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Virginia at War, 1864by Davis, William C. (ed.) and Robertson, James I., Jr. (ed.)
Publisher: University Press of Kentucky
Retail Price: $35.00
Issue: Spring 2010
Essays on the Virginia War Experience
Virginia at War, 1864, is the fourth volume in a series that explores the nature of “vital home front matters” specifically in the Old Dominion. As in previous volumes, a diverse group of authors tackle aspects related to transportation, education, agriculture, literature, newspapers, and even a notable effort to shed the two-party system that had long dominated national politics. The individual essays are cogent and well-researched; more importantly, they connect common threads that reveal a state in turmoil, simultaneously undergoing important social changes that would extend far beyond the war. Virginia in 1864 was a state filled with hunger, mourning, exhaustion, but also surprising energy, innovation and spirit.
The reader of previous volumes will find this to be a familiar companion, rich in detail, but also diverse in narrative voice and well-researched. As in other volumes, the final segment is an excerpt from Diary of a Southern Refugee during the War, June 1863—July 1864, by Judith Brockenbrough McGuire, as edited and annotated by James I. Robertson Jr. Many of the aforementioned themes are quite readily made concrete in her first-hand account of the period, a “singularly rough and uneven” time of “grim-visaged war” (205). Brockenbrough McGuire is a compelling author, speaking of the birth of her first grandchild next to accounts of helping terribly wounded soldiers recently removed from the front.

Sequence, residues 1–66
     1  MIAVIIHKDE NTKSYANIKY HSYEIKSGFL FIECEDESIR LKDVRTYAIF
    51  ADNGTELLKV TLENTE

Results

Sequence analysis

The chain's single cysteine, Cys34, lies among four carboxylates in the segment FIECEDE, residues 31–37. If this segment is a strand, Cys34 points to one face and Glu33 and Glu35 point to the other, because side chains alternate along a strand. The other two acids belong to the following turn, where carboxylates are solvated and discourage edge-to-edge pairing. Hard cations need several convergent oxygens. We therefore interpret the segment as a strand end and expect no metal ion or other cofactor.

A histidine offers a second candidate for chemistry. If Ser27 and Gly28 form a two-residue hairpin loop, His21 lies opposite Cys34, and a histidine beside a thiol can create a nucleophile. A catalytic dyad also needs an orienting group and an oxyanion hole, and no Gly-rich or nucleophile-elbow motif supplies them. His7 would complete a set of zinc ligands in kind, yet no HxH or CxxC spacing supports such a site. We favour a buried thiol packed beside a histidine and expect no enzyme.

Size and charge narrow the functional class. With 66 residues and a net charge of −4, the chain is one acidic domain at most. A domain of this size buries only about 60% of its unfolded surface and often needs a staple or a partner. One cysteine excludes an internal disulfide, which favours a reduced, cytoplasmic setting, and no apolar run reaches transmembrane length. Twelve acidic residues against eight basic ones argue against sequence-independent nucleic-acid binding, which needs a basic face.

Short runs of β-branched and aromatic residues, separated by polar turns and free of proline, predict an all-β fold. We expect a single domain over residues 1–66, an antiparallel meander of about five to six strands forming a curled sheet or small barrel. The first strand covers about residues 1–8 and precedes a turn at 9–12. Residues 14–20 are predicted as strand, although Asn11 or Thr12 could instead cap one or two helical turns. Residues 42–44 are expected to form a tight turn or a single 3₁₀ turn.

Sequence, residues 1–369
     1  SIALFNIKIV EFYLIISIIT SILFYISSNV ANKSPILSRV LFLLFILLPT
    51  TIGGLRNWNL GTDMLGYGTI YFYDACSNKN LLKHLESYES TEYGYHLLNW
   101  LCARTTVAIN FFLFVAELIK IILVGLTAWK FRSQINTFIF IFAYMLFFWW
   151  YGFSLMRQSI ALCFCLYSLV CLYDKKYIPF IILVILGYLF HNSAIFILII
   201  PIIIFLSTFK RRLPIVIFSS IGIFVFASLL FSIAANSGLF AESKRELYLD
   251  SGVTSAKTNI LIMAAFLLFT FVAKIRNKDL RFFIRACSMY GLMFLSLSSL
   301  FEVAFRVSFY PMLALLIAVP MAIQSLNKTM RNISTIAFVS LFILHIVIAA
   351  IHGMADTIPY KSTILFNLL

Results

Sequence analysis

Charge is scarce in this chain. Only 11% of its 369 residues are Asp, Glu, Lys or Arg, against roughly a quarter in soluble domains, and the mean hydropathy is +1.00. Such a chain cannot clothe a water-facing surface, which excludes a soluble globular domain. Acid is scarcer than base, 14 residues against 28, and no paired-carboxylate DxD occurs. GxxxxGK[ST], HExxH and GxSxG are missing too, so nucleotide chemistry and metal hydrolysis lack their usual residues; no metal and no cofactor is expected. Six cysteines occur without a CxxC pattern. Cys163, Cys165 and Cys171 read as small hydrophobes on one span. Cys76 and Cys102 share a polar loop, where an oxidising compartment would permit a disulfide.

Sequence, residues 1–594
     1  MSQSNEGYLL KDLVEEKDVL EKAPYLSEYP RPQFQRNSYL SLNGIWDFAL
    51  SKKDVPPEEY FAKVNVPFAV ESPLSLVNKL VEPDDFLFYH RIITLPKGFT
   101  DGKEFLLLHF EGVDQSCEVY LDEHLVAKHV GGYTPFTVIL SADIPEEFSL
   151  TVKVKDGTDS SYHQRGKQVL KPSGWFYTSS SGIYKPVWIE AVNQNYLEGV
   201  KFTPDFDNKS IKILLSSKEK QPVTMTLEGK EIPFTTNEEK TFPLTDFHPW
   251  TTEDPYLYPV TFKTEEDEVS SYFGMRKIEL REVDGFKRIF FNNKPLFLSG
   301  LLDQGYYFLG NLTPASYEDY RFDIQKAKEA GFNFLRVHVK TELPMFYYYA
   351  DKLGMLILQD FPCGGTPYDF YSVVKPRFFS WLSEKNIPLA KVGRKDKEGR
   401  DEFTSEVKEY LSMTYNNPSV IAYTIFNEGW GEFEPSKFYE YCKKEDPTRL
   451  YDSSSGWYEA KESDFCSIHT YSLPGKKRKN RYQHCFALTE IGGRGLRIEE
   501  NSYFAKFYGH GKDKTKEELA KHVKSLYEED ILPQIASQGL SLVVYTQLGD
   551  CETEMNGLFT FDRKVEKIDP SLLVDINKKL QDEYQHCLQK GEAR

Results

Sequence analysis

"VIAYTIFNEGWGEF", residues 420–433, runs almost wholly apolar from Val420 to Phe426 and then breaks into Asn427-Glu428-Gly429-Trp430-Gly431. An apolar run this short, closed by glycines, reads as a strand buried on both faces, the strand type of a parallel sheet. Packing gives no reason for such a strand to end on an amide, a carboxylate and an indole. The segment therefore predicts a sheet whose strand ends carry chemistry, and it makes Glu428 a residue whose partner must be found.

This work adds to a growing body of writing that reframes the conflict in more dynamic terms than simple battlefield accounts, weaving social context and individual experience into the messy fabric of war. Though military actions always seem, on the surface, to be driving political and social events (and are covered adequately in the first essay by Richard J. Sommers), these collective essays challenge the privileged position of battle accounts, suggesting that a much more complicated and seminal experience took place. They reveal an experience remarkably comparable to the turmoil Americans have experienced in more recent wars and conflicts.
Though perfectly readable and valuable in its own right, this volume deserves to be read and kept in relationship to the previous volumes. On the other hand, the war came to Virginia in 1864 in a way it never did in any other state. Even Georgia, unhappy victim of Sherman’s famous march, saw many areas of the state escape direct attention. Virginia was not so lucky.
Virginia at War, 1864, brings that experience into brighter light, exposing the civilian war experience which often required a dozen individual actions on the home front to keep one soldier in Lee’s thinning front ranks. The grim determination to keep fighting, in spite of the hardship and personal loss, the controversy in small towns and counties about continuing to support the war effort, all foreshadow a forthcoming climatic volume for the year 1865 in the near future.
Jack Trammell teaches at Randolph-Macon College in Ashland, Virginia and writes for many publications and journals about the Civil War.